The Philippine economy will grow by a huge amount before 2030 and become one of Southeast Asia’s largest. Meanwhile, a burgeoning middle class and strong industry are supporting optimism among both individual and corporate investors.
Sure, the Philippines hasn’t received global coverage for positive reasons lately. Geopolitical disputes with China and drug crackdowns are what makes headlines on BBC or Fox News.
But the Philippine economy is a completely different story. It’s averaged GDP growth well above 6% per year over the past decade. That pace is set to continue. Better yet, they haven’t had a single year of recession since 1998.
A conservative estimate says GDP will grow by 6% between 2018 and 2020. Per capita GDP could double to US$6,000 a year by 2023 if this rate is sustained. That’s very possible even in case of yet another global recession.
By 2029, the size of the Philippine economy would more than triple from US$310 billion in 2015 to over US$1 trillion.
The Philippine economy has a strong record of growth lasting several decades.
One reason for the Philippine economic boom is that policy makers are actually learning from their neighbors – both in terms of what works and doesn’t.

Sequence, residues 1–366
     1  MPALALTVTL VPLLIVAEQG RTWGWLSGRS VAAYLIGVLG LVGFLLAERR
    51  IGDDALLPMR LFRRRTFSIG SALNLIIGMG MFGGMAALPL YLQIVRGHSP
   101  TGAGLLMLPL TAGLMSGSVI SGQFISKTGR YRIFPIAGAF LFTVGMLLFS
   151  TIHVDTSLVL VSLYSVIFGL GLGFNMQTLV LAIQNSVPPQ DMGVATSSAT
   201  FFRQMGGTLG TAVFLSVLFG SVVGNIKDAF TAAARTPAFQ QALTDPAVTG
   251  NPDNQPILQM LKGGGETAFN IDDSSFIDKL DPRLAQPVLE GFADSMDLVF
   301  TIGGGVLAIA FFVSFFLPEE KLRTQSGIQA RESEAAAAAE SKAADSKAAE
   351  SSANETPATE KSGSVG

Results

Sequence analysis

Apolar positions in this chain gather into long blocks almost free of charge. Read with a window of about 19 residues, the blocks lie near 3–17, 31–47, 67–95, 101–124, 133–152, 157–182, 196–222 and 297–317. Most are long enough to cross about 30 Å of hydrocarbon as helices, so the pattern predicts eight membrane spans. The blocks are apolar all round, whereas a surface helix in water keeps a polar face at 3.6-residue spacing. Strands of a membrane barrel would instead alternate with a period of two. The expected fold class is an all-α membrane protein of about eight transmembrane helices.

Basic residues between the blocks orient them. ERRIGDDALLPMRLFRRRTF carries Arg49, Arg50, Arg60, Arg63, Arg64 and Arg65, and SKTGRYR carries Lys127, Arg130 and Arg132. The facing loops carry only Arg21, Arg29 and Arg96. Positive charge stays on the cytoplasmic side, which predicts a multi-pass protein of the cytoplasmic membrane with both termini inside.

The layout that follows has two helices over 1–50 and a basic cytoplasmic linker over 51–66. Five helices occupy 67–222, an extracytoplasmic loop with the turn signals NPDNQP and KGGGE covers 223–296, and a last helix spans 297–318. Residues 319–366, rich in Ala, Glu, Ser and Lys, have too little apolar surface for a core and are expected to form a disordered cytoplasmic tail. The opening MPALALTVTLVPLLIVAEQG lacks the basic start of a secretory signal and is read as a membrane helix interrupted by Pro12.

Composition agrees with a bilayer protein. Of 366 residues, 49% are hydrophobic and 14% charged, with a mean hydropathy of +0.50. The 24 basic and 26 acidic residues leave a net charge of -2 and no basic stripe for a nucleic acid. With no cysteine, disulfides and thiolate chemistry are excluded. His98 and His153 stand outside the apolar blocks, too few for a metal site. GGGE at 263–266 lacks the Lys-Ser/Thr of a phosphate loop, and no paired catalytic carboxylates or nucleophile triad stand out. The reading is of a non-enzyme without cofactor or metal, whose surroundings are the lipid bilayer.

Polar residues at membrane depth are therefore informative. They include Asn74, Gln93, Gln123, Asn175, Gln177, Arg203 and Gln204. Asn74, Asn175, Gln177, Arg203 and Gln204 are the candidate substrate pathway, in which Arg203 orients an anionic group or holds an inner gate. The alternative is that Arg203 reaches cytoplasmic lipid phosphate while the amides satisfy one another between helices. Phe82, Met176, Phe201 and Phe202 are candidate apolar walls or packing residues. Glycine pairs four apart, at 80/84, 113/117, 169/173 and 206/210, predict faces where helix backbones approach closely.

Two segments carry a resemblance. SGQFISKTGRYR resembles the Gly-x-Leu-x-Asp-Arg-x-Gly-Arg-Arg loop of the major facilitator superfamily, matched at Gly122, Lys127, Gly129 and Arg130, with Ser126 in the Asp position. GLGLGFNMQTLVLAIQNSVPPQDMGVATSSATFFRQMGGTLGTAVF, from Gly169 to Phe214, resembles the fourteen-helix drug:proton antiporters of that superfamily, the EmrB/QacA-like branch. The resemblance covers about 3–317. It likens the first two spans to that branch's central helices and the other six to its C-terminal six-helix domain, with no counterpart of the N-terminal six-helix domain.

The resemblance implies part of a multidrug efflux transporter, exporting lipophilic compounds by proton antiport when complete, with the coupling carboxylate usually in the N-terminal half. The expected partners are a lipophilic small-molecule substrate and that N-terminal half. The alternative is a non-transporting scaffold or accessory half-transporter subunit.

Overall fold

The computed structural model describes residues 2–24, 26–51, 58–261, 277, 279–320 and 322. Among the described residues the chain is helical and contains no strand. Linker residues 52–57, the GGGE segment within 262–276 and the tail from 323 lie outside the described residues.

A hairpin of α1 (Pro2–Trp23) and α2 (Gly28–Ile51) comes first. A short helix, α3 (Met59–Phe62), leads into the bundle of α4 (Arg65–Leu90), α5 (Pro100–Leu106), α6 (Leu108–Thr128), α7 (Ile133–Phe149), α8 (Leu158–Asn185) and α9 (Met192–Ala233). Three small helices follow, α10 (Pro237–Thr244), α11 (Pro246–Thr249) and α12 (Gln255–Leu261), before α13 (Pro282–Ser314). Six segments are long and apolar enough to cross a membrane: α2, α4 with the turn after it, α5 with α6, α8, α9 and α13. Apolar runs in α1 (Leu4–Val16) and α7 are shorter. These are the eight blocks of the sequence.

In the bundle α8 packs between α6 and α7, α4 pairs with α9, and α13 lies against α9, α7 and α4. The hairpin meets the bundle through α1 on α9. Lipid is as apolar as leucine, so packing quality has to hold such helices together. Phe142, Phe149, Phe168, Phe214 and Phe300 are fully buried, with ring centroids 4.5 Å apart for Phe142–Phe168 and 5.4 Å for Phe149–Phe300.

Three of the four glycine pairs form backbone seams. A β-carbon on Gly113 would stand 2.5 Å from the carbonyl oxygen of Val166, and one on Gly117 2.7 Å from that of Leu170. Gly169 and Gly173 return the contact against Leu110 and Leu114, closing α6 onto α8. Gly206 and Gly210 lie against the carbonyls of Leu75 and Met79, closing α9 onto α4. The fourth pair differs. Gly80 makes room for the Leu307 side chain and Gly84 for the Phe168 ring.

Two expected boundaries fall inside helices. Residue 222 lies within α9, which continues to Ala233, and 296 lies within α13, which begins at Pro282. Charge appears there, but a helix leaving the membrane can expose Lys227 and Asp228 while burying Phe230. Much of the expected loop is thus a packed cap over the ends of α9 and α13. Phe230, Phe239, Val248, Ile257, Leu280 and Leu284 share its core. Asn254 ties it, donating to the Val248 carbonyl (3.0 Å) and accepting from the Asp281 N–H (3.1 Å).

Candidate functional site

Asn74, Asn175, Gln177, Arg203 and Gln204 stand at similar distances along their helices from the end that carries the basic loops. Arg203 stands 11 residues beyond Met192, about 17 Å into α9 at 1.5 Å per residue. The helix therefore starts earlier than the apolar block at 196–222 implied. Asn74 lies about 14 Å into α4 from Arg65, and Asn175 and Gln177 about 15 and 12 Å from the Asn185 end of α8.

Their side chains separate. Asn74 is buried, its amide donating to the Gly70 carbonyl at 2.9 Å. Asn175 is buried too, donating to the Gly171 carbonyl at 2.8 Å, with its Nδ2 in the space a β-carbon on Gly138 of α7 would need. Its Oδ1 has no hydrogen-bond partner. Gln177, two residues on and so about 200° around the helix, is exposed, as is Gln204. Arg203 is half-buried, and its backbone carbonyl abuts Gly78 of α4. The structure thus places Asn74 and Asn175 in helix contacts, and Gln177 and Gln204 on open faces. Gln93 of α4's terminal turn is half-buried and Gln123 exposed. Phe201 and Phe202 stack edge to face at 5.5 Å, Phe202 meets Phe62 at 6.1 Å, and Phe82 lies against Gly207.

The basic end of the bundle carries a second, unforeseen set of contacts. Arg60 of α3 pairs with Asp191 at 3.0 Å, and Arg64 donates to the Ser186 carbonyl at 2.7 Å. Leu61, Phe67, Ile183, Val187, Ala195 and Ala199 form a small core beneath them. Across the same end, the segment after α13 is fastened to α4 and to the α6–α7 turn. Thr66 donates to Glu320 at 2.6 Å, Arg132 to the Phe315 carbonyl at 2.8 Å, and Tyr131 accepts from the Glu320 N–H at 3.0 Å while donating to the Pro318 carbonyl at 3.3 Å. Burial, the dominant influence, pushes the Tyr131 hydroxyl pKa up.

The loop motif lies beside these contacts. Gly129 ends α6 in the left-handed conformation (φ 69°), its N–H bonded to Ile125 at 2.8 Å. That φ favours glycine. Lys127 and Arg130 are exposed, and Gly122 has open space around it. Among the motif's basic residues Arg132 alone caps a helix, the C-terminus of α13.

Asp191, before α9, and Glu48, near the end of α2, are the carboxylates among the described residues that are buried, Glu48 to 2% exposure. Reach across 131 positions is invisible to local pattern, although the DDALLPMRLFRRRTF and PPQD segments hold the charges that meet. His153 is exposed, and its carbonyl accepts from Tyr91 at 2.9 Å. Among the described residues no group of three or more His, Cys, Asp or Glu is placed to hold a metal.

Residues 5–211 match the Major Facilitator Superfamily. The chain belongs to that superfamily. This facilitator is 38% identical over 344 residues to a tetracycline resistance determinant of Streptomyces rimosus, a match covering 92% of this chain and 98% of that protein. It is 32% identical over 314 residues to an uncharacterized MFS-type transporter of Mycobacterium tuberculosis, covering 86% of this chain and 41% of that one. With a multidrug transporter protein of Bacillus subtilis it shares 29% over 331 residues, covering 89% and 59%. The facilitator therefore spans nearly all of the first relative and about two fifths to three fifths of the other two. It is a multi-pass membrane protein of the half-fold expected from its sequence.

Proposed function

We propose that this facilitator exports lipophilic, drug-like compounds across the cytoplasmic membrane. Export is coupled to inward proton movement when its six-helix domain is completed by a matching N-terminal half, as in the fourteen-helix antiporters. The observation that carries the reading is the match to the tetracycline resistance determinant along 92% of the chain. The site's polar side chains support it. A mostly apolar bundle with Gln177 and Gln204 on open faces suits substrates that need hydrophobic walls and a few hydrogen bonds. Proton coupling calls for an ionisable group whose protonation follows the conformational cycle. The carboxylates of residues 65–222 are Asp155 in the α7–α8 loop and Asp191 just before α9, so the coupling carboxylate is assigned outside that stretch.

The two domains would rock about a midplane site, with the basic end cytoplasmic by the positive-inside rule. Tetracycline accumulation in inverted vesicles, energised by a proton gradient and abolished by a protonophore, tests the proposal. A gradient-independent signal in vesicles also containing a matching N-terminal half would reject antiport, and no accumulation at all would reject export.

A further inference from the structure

The government is a capable of successfully implementing projects and laws. Not exactly a common thing in emerging markets.
For example, Philippines foreign property ownership laws are based off Thailand’s. Using an existing framework means investors are more confident in its practice.
Master-planned areas like Bonofacio Global City are reminiscent of Singapore or Dubai. It’s a painfully slow process at times. But very surely, old rules and institutions are being replaced with better ones.
The Future: Philippine Economy in 2030
Today, important drivers of growth for the Philippine economy are the outsourcing sector. A strong flow of remittances from workers living abroad also contributes billions of dollars every year.
Both activities are helped by a large pool of university-educated workers. Workers boast superb English-language skills compared to the rest of Asia too.
There’s only two places in the world where you can find an abundance of capable English speakers at such a competitive price: India and the Philippines.
Revenue from business process outsourcing (BPO) more than doubled between 2008 and 2014. Fast-paced growth of this sector aids development in metro areas with Manila and Cebu now among the world’s top BPO hubs.
Furthermore, offshore remittances from Filipino workers abroad grew to a record high of US$26.9 billion in 2017. This money directly supports consumer spending and residential property construction back home.
Looking toward the long term, the Philippine economy’s development will depend on its industrial competitiveness. The nation’s ability to maintain high efficiency and attract foreign investment matters immensely.
There’s a lot of work left. The Philippines ranks low globally on the World Bank’s ease of doing business rankings and many other key metrics.
Major issues like unemployment, bad infrastructure, and corruption all still remain. The Philippine economy is headed in the right direction though.
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